What could go wrong?

Perhaps an employee has been instructed to bring some crates up from the stockroom. Whilst carrying the crates back to the bar, the employee trips and falls over some boxes that were blocking the walkway, resulting in a broken wrist and time off work. The employee then sues his employer as they’re responsible for ensuring a safe workplace environment.



Bars and venues can be expensive to fit out, and usually involve flooring, lighting, counters, and kitchen equipment. These fixtures and fittings should be insured – fixed glass is also normally protected. When leasing premises, double check what fixed items you’re responsible for insuring, as that will dictate whether the property should be under your policy, or your landlord’s.

You also need to consider the general contents, like tables and chairs or artwork and decorations; the physical stock to be sold, such as food or drink; and the technical equipment, whether that’s computers and tablets, AV installations, or more complex EPOS systems. All of this can, and should, be insured.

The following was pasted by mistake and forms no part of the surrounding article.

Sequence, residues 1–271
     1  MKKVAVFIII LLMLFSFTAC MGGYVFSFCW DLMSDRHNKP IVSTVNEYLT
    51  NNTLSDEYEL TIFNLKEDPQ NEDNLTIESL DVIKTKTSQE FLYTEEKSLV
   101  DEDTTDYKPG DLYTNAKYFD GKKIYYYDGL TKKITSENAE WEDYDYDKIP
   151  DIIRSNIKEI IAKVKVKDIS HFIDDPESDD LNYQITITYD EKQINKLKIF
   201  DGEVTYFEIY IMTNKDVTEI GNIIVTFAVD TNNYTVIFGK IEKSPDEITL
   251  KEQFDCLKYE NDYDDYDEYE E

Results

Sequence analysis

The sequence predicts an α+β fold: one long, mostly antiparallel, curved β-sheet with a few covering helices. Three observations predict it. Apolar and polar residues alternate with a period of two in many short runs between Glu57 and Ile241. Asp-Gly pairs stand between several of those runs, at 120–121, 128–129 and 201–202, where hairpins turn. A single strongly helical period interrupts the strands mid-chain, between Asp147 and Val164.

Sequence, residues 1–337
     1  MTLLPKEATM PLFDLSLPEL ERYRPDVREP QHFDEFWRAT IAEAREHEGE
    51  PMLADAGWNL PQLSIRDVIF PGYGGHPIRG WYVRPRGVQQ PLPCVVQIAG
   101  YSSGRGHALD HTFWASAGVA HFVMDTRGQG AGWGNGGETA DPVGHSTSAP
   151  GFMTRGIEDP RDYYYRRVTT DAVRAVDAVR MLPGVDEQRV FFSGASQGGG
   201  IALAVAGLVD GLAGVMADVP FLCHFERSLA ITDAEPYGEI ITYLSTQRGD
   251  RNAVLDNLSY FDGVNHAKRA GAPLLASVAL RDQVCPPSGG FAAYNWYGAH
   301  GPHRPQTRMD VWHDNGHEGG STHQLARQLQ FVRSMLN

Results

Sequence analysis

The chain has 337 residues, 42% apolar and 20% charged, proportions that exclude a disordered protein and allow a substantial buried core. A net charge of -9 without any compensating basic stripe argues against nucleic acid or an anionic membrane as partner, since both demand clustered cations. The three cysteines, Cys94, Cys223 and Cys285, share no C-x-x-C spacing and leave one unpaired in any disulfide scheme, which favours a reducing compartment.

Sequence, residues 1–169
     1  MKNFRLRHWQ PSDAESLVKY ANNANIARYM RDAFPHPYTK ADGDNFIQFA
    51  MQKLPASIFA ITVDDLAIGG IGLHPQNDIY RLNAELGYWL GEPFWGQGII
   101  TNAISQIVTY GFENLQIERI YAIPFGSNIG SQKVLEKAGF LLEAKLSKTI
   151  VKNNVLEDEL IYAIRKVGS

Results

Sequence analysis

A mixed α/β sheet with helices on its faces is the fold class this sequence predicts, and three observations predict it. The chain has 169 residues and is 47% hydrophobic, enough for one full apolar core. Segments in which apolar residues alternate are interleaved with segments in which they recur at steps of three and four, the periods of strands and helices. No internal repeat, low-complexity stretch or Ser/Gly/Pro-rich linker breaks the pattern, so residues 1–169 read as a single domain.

Property insurance itself protects against various issues, such as fire damage, escape of water, or loss following a break-in. Comprehensive property insurance can prevent an expensive bill when the unfortunate happens. Be sure to accurately assess the total replacement value of your assets and keep your insurers up to date with these amounts, that way you’ll be adequately compensated should the worst happen.

What could go wrong?

Say you walk into your venue in the morning and discover a mess – it turns out you were broken into overnight. As well as damaged windows and a broken door, your sound system and speakers have been stolen. Fortunately, you’re insured. Unfortunately, you didn’t update your insurers on the property values at renewal, leaving you underinsured.